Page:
It was great to see three hard-working “ordinary” Fifers receive British Empire Medal (BEM) awards in recognition of their community work in the Queen’s New Year Honours.
Marvyn Stewart has been at the forefront of efforts which raised more than £50,000 for her beloved Dunfermline Athletic Football Club after it fell into administration.
Amelia Mathewson was recognised for services to the Levenmouth community and in particular her work with the Memorial Park Neighbourhood Centre.
Another stalwart Hamish McKay was given the gong for services to the Levenmouth community and young people.
All three are well-known in their areas for putting others first and we should all tip our hats to them.
But when you look at some of the other names included on the list, it’s no wonder some people are of a mind that the idea needs to be binned once and for all.
The whole system adds up to an odd mix of personal patronage, political expediency and bureaucratic convenience, in addition to those who deserve public recognition.
In an age when the disconnect between “normal” people and the higher echelons has seldom felt wider, it almost feels like a smack in the face to see a knighthood given to the likes of Iain Duncan Smith.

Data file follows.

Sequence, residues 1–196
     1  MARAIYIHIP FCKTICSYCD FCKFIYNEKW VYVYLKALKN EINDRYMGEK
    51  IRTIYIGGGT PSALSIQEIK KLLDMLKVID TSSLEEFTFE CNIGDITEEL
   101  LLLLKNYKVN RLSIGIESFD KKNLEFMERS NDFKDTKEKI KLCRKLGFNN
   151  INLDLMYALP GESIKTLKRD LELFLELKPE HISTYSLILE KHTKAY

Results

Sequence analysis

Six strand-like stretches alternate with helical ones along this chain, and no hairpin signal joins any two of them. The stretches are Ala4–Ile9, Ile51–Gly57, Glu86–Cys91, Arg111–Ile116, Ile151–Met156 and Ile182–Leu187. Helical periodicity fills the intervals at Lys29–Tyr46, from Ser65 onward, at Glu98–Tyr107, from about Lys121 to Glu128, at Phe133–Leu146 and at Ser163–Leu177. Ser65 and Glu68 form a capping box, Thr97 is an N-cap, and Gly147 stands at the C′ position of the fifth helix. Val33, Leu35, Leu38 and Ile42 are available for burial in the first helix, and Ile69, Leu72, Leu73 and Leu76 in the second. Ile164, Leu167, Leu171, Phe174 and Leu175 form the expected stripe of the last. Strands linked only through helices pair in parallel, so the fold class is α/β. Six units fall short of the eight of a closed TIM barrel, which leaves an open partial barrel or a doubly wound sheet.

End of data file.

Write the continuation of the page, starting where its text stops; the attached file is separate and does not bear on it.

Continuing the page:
The fact he was the architect of Tory reforms such as Universal Credit and the bedroom tax, which have been blamed for leaving thousands upon thousands of people struggling to cope, prompted plenty of raised eyebrows when folk read the news on Saturday morning.
Giving him a knighthood bolsters the “them and us’” argument, and fuels fears that cronyism at the highest level is thriving.
Likewise Ross McEwan, the former chief executive of the Royal Bank of Scotland, can now stick the letters CBE after his name.
I’m sure he did some amazing things, but when many SMEs were forced to the wall on his watch and thousands of customers have seen High Street branches disappear, surely a reward from The Queen for services to the financial sector isn’t the greatest look?
Hindsight also suggests that many of these gongs can end up looking a little tarnished – take Jimmy Savile or Fred Goodwin for starters.
So with a new decade just days away, maybe the time is right to put the whole honours system back under the microscope and a find a way to praise achievement, service and distinction that everyone can get behind.